We Think We Know What’s Best for People
Jack lived in a crack house but he didn’t know it. He was tucked away in the back of an old Victorian that was converted into apartments fifteen years ago. His monthly Medicare disbursement and VA benefits afforded him rent, two TV dinners per day, and a monthly trip (via his treasured electric wheelchair) to the Dollar Store for Hershey bars. Jack was proud to say that since he had everything he needed, he managed to save $55 a month for over ten years for “emergencies.” At eighty-five, with his fingers planted in his suspenders, he felt “well off.”
He broke his back as a teenager carelessly diving into a shallow river full of boulders. These days he couldn’t take more than five steps without having to sit down. His back pain haunted him more than ever, “The cancer must be in my bones,” he said with certainty. He was also very short of breath. His cancer was in his lungs too.
He couldn’t stand in front of his microwave long enough to wait for his TV dinner to heat, so his doctor arranged to have the state provide him with a paid caregiver for a few hours a day. Jack wasn’t a complainer; he was an amazing example of humble. Not stoic, but simply grateful to be alive.
Mandy, the paid caregiver from the state, decided to move in for twenty-four hours a day. She brought her derelict boyfriend and his crack head brother too. The three of them, and all of their decaying stuff, had been living with Jack in his three hundred square foot apartment for ten months when I met them all.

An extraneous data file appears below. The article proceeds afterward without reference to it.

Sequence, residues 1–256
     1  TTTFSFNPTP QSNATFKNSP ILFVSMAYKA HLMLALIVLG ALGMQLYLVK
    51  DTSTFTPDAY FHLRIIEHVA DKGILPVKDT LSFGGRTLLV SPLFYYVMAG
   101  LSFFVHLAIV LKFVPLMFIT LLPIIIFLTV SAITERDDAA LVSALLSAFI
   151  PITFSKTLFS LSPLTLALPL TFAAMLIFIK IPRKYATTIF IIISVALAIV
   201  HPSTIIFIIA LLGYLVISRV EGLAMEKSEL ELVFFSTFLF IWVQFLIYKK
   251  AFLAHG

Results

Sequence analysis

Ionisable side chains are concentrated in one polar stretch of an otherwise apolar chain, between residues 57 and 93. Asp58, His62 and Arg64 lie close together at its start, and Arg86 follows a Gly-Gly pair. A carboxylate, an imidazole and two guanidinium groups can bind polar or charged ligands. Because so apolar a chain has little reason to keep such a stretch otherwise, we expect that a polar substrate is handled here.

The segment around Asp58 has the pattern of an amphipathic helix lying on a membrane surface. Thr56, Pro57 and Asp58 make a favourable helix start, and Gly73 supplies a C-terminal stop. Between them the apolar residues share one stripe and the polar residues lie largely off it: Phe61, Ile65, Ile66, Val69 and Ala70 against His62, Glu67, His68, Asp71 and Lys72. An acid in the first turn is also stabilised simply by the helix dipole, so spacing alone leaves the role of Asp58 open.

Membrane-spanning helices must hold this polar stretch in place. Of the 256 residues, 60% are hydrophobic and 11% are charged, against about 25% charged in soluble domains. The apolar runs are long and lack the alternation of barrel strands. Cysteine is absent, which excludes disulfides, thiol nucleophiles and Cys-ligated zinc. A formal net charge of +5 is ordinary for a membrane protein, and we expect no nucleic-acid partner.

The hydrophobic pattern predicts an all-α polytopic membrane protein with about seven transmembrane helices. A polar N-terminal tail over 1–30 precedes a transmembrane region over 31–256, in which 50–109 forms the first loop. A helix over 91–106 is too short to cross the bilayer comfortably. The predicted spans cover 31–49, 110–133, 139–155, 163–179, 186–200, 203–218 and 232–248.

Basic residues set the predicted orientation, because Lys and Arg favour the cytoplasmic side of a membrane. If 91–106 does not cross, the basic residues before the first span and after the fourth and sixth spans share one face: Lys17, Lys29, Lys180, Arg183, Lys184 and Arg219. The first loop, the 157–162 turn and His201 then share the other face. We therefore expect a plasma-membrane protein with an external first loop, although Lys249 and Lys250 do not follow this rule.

His apartment was a cluttered disgusting grungy site; it smelled like mold and burning plastic. Mandy sat appearing frustrated behind an ancient sewing machine attempting to mend her boyfriend’s jeans. She was clearly high. She was hyperventilating, an couldn’t stop moving as she offered non-stop chatter about nothing related to Jack’s care. Her pasty white skin was covered in bright red pimples. Her stained white spandex mini skirt was hiked up over her hips seemingly without her noticing.
Mandy was in charge of Jack’s finances and medications. She held his debit card and his morphine. It didn’t take long for me to figure out that she was draining Jack’s savings to feed everybody’s habits. Jack’s medications were regularly “lost or spilled” and needed to be replaced often.
There was only one thing to do right? Get him out of there and get him the care he needed and deserved. Within twenty-four hours Jack was moved into a nursing home. Mandy and her strange company weren’t allowed to step foot on the property.
Jack soon fell into a deep depression. He said, “I feel lost, I have nobody.” He went on to say, “I know they were taking advantage of me, and I really didn’t like Mandy’s boyfriend’s personality, but they were my only company.”
We think we know what is best for people based on our experiences. Was moving Jack the best idea?
To learn more about Enduring Love – Inspiring Stories of Love and Wisdom at the End of Life
Please visit: www.enduringlovebook.com